Escolta, etc.

1. I was listening to Fatalist Palmistry by a band called Why? the other day. Its lyrics ("and now my socket sits like empty catcher's mitts waiting") remind me of this man near the bus bays of MRT North Avenue, panhandling for coins, just last week. Not only is his face deformed (by some really strong acid reaction), his eye sockets were for all the world to see: carved out, as if his eyes were scooped out of its sockets by drug syndicates, and probably sold in the black market.

2. Things have been busy: Wednesday was my first night out with my new workmates in this tapas bar. Then I went to Escolta just yesterday to sell zines with my friends.

3. At Copylandia was this man with a bruised left cheek. I was wondering how he got it, but declined to ask later on. He was just focused on getting the reams tight for the photocopy machine, for my zines to look like zines.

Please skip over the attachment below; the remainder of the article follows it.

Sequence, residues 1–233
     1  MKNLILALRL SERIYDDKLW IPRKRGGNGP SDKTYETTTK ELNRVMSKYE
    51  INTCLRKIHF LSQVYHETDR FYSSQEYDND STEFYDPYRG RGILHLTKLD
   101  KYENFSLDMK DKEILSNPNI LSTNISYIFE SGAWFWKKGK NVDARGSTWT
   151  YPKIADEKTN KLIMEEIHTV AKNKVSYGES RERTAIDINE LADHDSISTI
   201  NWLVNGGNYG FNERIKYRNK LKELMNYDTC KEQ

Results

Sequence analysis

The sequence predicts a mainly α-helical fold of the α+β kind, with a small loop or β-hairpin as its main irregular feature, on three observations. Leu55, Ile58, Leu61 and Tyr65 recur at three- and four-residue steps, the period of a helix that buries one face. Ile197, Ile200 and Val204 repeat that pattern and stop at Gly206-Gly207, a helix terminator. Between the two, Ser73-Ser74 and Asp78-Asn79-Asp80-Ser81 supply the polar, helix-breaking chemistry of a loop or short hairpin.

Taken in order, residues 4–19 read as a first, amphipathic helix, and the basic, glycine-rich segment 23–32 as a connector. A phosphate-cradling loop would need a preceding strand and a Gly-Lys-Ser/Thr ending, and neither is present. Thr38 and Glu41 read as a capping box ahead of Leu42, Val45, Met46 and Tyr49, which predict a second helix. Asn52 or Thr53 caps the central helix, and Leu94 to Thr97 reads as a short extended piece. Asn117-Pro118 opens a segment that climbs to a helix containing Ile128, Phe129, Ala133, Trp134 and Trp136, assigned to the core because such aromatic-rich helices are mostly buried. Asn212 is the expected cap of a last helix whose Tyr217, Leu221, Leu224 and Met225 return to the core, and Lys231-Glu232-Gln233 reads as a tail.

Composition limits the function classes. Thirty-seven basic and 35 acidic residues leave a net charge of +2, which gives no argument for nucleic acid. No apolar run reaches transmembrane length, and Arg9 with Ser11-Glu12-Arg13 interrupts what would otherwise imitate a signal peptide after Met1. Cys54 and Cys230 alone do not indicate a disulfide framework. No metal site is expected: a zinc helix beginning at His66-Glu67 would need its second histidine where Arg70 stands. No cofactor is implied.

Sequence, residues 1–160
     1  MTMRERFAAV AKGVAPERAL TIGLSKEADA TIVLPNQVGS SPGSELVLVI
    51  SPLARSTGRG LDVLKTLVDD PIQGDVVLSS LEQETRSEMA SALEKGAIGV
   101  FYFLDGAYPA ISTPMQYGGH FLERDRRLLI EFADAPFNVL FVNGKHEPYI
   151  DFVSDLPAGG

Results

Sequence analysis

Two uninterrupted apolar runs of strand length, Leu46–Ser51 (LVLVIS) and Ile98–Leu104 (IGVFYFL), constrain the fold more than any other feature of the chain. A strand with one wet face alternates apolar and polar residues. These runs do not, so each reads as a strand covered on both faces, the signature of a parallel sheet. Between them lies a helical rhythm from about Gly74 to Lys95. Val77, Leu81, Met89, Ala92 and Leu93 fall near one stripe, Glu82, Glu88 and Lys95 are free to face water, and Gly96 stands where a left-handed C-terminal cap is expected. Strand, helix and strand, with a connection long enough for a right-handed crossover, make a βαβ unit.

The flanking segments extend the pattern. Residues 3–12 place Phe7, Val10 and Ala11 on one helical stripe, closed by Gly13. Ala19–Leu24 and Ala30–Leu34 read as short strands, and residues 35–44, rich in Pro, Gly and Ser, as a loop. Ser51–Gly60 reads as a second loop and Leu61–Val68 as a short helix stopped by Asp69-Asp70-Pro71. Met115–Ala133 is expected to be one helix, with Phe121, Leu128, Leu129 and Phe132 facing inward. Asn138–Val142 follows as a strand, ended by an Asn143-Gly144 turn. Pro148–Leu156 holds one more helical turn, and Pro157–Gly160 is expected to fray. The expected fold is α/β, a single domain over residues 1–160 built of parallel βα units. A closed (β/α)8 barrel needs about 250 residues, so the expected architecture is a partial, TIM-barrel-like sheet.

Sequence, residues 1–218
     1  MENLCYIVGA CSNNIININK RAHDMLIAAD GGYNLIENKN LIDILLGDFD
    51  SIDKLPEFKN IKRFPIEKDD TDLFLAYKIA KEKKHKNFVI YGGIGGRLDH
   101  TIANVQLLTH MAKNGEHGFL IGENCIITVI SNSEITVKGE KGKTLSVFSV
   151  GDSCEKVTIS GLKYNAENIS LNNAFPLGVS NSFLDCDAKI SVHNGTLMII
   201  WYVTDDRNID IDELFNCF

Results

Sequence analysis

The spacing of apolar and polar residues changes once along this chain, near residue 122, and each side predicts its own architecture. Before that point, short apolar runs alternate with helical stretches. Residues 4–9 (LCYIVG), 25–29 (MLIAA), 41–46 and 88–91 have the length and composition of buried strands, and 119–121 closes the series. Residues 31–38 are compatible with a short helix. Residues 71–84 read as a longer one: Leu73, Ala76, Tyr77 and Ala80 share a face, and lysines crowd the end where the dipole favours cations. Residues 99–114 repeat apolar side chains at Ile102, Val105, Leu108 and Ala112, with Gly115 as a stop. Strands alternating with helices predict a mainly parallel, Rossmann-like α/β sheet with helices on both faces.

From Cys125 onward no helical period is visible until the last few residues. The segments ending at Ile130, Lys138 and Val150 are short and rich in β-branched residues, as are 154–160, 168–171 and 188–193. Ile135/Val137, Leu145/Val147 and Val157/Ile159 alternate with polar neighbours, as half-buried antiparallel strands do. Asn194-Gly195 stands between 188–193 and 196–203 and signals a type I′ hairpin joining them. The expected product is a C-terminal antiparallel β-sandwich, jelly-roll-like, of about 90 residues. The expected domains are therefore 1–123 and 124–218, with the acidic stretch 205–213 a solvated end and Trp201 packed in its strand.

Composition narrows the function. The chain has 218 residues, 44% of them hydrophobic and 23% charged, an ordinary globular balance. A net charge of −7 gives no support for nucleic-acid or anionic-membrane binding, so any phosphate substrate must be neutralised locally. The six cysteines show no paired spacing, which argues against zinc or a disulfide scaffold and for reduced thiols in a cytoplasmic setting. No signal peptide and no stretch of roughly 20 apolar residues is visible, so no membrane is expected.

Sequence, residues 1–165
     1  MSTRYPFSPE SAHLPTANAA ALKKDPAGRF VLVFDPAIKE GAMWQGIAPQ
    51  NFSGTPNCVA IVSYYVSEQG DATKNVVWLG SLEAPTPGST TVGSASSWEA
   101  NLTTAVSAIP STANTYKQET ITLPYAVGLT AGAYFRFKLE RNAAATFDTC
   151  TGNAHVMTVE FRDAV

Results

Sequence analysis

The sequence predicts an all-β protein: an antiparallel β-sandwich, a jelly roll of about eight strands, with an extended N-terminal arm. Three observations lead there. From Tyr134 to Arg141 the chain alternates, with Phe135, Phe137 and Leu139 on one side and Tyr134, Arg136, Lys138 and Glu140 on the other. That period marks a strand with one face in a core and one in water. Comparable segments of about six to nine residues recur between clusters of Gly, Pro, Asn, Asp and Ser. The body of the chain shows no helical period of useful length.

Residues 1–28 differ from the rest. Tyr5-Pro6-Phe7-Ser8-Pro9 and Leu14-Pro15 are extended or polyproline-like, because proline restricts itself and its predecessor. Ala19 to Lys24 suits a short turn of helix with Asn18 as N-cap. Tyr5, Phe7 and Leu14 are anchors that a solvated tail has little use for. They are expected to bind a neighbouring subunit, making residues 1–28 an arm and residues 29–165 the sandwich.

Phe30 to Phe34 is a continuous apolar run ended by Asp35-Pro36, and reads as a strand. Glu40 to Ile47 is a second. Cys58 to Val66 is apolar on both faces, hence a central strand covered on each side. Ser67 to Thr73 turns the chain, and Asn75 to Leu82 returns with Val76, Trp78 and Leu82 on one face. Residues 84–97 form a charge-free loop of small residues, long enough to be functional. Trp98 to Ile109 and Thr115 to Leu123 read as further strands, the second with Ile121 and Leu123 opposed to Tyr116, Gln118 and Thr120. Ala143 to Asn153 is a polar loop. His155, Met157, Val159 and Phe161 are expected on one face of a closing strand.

4. There was this single Thursday when I arrived late and found out that I'd be spending the night all by myself (my wife and my son are with my in-laws), there's beer in the kitchen, some leftover food in the fridge, and everything else. Is this the feeling of not having a family? When I've been dreaming of finding the house all by myself, it dawned on me that it's miserable to be alone, to cook your own food. I suddenly missed the warmth of my family, and the problems as well. I went to my bedroom, which turned out to be fusty after a couple of days, and tried to absorb the silence. Some three years ago I was very much at home to this feeling of silence conducive to reading books, to watching porn and masturbating, to calling several friends, to smoking weed, to writing on my typewriter certain things for my thesis, and to lying in my bed, or smoking cigarettes in the balcony, enjoying the boredom. Now, I can't stand it. To lie in my bed alone is to note the absence of my son and wife. I found myself without purpose, without any reason to spend the rest of the week working. I wouldn't have realized how selfish my teenage years were, but it became that when I got married. Ashbery would have a better turn-of-phrase here, about this feeling of sudden change of perspective regarding the past, that it had been selfish all along.